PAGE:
I know very little about languages, even my own, and I probably have the englishmans prejudice against those ‘nasty foreign’ accents. Acceptable in café, but nowhere else. There is, as you say, currently a move towards name changing and local pronunciations. Beijing and Mumbai are two examples that spring to mind; though my local Chinese restaurant still sells Peking duck and the local Indian makes good Bombay potatoes.
I’ve always been concerned that accents could put off purchasers. My concern was based on the dismissive, or hostile, responses on the HârnForum. I admit that I’m one who dismissed the need for accents. If, as you say, the majority of your customers are in favour of the accents, any argument against them fails.
The fact that your publications are all issued electronically allows huge flexibility. A simple accents on/accents off switch on the pdf’s (if it’s possible) should silence most of the critics. The devil in me wants to suggest that any new map of Hârn should have three options for labelling: unaccented (true) English, accented (Hârnic) English, and true Hârnic, written using the Lakise script.
Finally, as a Glorantha fan, I’m well aware of the ‘Creator knows best’ syndrome I had a long, and interesting, discussion on the difference between Hârn fans and Glorantha fans on the HârnForum. My view is that Hârn material is presented as ‘factual/real’ and Glorantha material is presented as ‘mythic/opinion’. This difference means that Glorantha fans are more accepting of change of amendments imposed by the creator.
Best wishes to you and your family
- "Pardon me for living, I'm sure."
- NO-ONE GETS PARDONED FOR LIVING.
I'm sorry to hear that your current treatments have stopped working. Chemo is a mixed bag and can usually only help for so long. Here's hoping that you roll a critical success on your remaining treatment options.
I truly appreciate the work that you have done over the years. I discovered Harn in the mid 80s and loved what I saw. There are many FRP worlds on the market but none come close to the detail and realism of Harnworld. Thanks for creating worlds for us to play in. Looking forward to more!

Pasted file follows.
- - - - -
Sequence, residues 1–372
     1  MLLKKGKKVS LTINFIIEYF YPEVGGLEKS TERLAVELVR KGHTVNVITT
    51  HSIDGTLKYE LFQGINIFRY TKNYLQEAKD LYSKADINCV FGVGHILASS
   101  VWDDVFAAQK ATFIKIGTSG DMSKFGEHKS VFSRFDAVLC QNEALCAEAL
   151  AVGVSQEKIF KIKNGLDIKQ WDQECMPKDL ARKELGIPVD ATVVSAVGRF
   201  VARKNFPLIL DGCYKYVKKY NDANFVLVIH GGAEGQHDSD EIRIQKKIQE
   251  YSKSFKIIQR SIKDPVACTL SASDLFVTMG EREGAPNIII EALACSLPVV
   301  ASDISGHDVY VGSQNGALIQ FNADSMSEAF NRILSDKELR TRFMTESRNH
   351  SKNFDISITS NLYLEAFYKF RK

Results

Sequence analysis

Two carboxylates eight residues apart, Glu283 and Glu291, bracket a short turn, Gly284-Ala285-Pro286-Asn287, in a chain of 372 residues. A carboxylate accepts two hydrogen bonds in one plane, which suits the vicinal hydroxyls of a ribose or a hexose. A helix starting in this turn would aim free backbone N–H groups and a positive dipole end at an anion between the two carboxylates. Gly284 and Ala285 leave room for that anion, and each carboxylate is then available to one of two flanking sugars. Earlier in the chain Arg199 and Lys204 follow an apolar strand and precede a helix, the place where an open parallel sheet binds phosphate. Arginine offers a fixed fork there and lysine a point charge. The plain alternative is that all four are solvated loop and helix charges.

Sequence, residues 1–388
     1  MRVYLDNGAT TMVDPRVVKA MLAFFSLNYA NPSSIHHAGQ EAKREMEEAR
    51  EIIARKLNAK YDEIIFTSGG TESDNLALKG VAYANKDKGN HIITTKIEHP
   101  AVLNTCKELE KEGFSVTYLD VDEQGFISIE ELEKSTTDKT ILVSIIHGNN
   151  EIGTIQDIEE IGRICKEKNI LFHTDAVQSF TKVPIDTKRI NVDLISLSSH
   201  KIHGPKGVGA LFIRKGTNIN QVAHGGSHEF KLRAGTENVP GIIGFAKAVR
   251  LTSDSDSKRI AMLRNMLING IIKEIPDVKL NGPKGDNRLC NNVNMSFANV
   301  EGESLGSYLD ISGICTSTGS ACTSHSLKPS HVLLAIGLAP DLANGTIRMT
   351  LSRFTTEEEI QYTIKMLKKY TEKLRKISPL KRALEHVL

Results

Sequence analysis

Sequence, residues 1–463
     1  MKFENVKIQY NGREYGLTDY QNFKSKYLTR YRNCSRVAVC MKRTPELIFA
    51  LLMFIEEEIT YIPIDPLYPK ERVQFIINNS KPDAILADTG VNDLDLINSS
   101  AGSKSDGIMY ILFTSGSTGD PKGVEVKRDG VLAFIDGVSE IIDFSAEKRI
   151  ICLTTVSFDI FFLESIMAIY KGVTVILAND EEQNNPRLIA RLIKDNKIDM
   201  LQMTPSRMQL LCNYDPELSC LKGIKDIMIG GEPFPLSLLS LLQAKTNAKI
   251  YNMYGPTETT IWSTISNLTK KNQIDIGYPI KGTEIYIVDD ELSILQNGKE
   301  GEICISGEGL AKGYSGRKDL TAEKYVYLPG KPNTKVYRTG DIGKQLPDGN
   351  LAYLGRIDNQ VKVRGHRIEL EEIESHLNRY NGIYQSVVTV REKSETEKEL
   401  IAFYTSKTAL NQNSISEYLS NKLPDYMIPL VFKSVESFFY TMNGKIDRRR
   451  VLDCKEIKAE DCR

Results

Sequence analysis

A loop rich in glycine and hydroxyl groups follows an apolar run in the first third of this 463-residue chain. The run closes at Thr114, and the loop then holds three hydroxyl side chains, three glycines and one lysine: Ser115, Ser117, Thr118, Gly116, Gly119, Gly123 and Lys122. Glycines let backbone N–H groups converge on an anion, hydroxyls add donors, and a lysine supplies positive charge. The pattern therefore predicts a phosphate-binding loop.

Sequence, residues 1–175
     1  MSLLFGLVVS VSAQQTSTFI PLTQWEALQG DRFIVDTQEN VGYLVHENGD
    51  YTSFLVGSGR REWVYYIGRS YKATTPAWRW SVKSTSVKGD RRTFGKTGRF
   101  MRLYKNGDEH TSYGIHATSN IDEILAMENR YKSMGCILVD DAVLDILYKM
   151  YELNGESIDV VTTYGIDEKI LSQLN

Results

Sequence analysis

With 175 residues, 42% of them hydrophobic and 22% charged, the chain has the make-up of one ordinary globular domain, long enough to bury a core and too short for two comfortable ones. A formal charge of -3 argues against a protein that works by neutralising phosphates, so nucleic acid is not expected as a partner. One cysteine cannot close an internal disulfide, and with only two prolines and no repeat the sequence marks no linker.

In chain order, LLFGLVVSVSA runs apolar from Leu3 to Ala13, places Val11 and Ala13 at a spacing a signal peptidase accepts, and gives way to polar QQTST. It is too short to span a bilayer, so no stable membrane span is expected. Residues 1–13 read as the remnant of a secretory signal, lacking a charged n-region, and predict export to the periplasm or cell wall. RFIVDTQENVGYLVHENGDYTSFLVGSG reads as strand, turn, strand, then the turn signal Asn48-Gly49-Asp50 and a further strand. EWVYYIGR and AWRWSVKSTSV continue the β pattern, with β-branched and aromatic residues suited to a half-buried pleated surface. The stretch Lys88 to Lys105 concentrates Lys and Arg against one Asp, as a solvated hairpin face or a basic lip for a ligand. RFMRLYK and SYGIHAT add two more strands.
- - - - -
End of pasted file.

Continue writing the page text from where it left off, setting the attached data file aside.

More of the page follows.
Well that is just rotten news. I hope that something changes to improve your diagnosis.
I, for one, have purchased many Harn products over the years. They have inspired me and led to endless conversations with friends. And, despite the fact that we all have busy lives and precious little free time, we still talk about Harn today. In some ways Harn seems more real than the real world. Perhaps you have done your work too well. So thank you for that.
People are always going to complain and argue about small things. You should not let it disappoint you. That means they care. I have had many ideas for Harn adventures, but you have set the bar for quality and realism very high and I can only hope to show them to you and the Harnic community some day. When they are more polished.
In the mean time, keep writing. We will keep reading. Do the important things. Let us know if we can help.
Sometimes the criticism one receives is of a very harsh tone, it was of that, rather than of your thoughtful and considerate tone, that I was thinking when I asked for some respect.
I was probably too dismissive of Option Two when I simply wrote it off as a hodgepodge. I realise that a lot of people 'grew up' on 'hodgepodge' maps. One object of the maps these days is to present a document that 'could be' of entirely local make - having English tends to distort the view. However, with interactive maps, I have invited 'interested parties' to include English Language Layers (and Option 2 seems to be the 'way to go' in their view).
However, I should point out that 'purging English' from a regional map, for example, does not exactly begin and end with me. Terra's number one mapmaker, the National Geographic Society, in the United States has (almost surprisingly) taken to using the local words for bay, sea, strait etc., on their maps. The only concession to the 'give me English or Give me Death' crowd is that there are glossaries included ;). Interestingly, I think, most of these glossaries are completely unnecessary as there are, at most, a couple of dozen words involved and they can all be gleaned without a moment's thought from the context.